Five Books about DJ Culture

When asked if he had any favorite books about DJ culture, DJ DB, founder of Brooklyn electronic music store Breakbeat Science, answered, "I've been in a couple and never even read those, sorry." Perhaps artists focused on creating culture are too busy to read about it, but his role as a pioneer DJ and promoter in the American rave scene is indeed documented in Simon Reynolds' Generation Ecstasy: Into the World of Techno and Rave Culture, just one of many books that document the rise of the DJ in popular culture.

DJ's are everywhere bands used to be -- school dances, wedding receptions, birthday parties, bar mitzvahs -- and in relatively new exciting places such as the DMC (Disco Mix Club) World DJ Championships where turntablists battle each other with their beat-juggling and mixing skills which often encompass acrobatics. In 2004, for the first time, a DJ, Tiesto, even played the opening ceremony of the Olympics held in Athens.

As sales of DJ equipment (turntables, CDJ's, mixers) have grown to rival those of guitars and drum sets, books chronicling and celebrating the emergence of the DJ as full-fledged musicians have emerged, too.

Here are five of my favorites:

1. Last Night a DJ Saved My Life: The History of the Disc Jockey, by Bill Brewster and Frank Broughton.
The title says it all; inspired by the name of a 1982 r&b song by Indeep, no doubt millions of dance floor habitues have woken up after a magical night of dancing and thought just that thought. "A truly great DJ, just for a moment, can make a whole room fall in love," say the authors in this entertaining biography of the DJ, with club charts from the mid-50s through the end of the '90s. Their How to DJ Right: The Art and Science of Playing Records, is even more fun.

2. DJ Skills: The Essential Guide to Mixing & Scratching, by Stephen Webber.
Dedicated ("Now God Has a DJ") to the late Jam Master Jay, rap group Run-DMC's DJ, Berklee College of Music professor and Emmy Award-winning composer Stephen Webber offers a solid primer on the history, tools and skills of DJ'ing with insightful interviews with respected club, hip-hop and scratch DJ's.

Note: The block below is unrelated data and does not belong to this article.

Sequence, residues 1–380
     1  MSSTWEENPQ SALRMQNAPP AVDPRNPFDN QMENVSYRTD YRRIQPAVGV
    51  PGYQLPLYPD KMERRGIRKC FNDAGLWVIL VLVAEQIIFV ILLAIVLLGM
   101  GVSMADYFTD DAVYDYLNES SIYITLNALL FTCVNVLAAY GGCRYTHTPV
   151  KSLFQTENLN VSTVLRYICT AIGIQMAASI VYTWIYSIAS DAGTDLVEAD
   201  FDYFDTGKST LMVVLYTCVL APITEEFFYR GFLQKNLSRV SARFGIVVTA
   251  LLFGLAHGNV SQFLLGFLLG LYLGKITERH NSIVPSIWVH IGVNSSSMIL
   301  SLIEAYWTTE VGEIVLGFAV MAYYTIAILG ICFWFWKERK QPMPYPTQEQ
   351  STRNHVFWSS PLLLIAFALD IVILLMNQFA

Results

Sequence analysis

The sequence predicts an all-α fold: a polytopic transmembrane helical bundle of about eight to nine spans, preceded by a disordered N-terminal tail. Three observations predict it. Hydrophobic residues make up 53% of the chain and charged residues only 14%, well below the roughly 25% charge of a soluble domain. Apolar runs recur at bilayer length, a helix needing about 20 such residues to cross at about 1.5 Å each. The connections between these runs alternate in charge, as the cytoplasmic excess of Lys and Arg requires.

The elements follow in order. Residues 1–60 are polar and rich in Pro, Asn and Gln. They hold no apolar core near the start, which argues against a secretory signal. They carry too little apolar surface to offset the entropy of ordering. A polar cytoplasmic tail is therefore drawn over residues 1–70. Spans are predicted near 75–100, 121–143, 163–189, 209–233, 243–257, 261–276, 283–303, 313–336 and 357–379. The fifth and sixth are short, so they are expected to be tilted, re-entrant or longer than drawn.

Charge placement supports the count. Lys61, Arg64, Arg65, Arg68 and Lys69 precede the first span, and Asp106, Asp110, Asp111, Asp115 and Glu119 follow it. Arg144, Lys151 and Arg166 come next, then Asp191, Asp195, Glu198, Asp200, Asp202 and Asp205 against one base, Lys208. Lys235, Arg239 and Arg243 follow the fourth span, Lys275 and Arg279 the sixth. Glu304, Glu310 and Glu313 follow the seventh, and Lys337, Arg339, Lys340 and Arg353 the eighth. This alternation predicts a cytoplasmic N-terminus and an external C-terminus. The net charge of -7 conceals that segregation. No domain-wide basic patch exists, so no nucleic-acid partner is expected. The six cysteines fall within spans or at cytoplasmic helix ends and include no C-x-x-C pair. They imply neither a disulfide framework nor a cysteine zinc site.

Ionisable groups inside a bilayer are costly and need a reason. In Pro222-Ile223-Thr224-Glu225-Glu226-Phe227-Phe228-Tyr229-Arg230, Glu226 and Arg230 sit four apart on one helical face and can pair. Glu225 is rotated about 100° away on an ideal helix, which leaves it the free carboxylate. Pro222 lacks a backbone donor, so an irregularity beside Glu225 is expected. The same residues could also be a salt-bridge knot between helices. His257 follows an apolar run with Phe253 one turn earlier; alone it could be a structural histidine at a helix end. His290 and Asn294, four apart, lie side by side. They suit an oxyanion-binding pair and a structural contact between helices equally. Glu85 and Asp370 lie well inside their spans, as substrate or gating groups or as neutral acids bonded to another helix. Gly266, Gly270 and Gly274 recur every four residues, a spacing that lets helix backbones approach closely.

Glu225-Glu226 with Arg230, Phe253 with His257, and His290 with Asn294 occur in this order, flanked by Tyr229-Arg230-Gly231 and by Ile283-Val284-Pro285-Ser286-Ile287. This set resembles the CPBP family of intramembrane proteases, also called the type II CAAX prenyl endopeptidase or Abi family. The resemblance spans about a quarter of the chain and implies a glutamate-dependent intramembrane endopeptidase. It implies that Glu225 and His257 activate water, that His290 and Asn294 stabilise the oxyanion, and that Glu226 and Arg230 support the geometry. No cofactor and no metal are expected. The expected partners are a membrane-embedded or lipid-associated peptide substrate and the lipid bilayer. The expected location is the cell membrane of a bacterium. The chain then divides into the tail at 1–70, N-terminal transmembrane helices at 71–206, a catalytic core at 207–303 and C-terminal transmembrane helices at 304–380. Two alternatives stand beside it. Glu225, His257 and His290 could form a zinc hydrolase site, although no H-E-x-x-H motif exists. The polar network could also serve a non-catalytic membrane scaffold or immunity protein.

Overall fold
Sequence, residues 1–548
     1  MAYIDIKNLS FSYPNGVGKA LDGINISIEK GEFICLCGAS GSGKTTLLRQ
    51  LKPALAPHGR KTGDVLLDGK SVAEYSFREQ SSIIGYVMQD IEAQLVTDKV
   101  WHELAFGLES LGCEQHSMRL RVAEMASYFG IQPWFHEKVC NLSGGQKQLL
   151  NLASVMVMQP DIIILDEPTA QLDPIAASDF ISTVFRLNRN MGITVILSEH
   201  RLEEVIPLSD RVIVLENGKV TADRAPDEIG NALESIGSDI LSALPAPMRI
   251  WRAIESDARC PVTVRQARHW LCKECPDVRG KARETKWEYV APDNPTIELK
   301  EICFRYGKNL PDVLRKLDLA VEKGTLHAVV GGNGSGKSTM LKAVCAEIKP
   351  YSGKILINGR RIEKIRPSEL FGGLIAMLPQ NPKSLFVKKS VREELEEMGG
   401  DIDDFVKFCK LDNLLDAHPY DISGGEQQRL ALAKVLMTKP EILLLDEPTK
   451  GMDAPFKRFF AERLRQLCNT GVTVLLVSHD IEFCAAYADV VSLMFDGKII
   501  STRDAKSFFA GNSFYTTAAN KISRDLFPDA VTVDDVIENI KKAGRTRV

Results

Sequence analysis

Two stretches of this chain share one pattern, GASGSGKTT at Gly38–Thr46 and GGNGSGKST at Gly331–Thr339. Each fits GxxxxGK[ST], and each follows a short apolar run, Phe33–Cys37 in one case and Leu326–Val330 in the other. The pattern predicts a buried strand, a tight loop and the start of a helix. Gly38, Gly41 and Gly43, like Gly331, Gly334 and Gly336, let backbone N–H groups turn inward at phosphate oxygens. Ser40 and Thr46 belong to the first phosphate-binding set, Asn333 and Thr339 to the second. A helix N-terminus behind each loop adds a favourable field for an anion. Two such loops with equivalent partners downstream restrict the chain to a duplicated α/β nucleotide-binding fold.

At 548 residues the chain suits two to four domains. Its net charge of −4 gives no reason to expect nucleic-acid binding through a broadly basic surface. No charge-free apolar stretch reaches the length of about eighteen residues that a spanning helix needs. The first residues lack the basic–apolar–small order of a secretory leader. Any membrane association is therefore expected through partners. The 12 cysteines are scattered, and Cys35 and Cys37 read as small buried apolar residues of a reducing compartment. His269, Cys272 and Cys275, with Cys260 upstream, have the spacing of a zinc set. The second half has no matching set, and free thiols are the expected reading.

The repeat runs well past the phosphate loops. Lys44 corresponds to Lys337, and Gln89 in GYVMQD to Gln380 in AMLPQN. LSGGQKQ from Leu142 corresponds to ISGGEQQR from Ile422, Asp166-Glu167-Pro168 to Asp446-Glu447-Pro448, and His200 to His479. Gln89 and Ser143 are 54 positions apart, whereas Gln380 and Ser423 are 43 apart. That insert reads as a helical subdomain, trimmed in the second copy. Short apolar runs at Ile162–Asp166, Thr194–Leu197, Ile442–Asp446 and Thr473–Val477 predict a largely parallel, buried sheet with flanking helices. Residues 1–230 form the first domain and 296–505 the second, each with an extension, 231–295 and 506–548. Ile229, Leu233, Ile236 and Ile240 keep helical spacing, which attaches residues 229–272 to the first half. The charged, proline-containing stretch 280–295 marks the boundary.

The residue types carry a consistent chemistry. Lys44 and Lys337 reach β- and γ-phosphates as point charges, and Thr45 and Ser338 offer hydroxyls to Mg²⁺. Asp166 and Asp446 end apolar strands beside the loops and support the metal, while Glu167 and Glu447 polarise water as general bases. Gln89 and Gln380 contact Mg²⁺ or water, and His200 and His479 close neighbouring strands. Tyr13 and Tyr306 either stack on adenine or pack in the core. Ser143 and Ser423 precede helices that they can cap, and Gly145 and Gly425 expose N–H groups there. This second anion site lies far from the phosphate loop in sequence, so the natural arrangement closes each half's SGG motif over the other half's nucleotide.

3. Looking for the Perfect Beat: The Art and Culture of the DJ, by Kurt B. Reighley.
An enjoyable read with lots of quotes by popular DJ's. Says the author, "If [my book] spares one neophyte DJ a little frustration, prompts a single pro to examine his or her art from a new angle, or just makes the reader think differently about how [musical] ideas can be presented and combined, then I won't feel like such a jackass when I tell people I'm a DJ."

4. Love Saves the Day: A History of American Dance Music Culture, 1970-1979, by Tim Lawrence.
A valuable historical record of the disco phenomenon describing, from over 300 interviews with influential scene players including legendary DJ's, its transformation from gay and urban subculture to mainstream popular culture, including a fascinating selected discography of the music of the era.

Grandmaster Flash performs during the 2007 Rock & Roll Hall of Fame induction ceremonies. (AP Photo/Seth Wenig)

5. The Adventures of Grandmaster Flash: My Life, My Beats, by Grandmaster Flash with David Ritz.
The inspiration for countless DJ dreams, the legendary hip-hop founding father and Bronx native (aka Joseph Saddler) sets the record straight in his new autobiography, including how he originated techniques that revolutionized DJ'ing from just playing records to reinventing the turntable as a musical instrument, and the story behind his classic track, "The Adventures of Grandmaster Flash on the Wheels of Steel," which became the first DJ composition recorded by a DJ. It's all good.

What books on DJ culture do you recommend?

-- Mary Ishimoto Morris

By Rachel Hartigan Shea |  October 16, 2008; 7:29 AM ET Mary Morris
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Last Night A DJ Save My Life

Excellent read. Covers the history top to bottom. While not a technical how-to, you'll know the origins and history of the major genres and movements.

Posted by: Chris G | October 17, 2008 11:07 AM

Last Night a DJ Saved My Life is really the best of the bunch as it covers the beginnings of radio djs and the like to segue into dance culture and the like.

Generation Ecstacy is good when the writer isn't writing in a way that seems to be designed to maximize his street cred.

What I love reading about is the birth of hip hop dj culture because it came pretty much from nowhere. Check out Born in the Bronx (for a great visual record of the era) and Can't Stop Won't Stop (for a good if MC leaning examination)

Posted by: Eric Phipps | October 17, 2008 11:12 AM

Great post, Mary. One book I purchased when I was first starting out was _Turntable Technique: The Art of the DJ_ published by Berklee. As a beginner, this book was very useful, helping me think of my turntable as a musical instrument vs. a music player. It's written by someone who isn't actually a DJ by trade (he's some music professor at Berklee if I recall correctly), which was interesting. It also comes with companion scratch records (with audio lessons). I wouldn't recommend this to anyone who already knows how to scratch, but if you're just starting as a DJ (or are a DJ that doesn't know how to scratch), take a look at this one.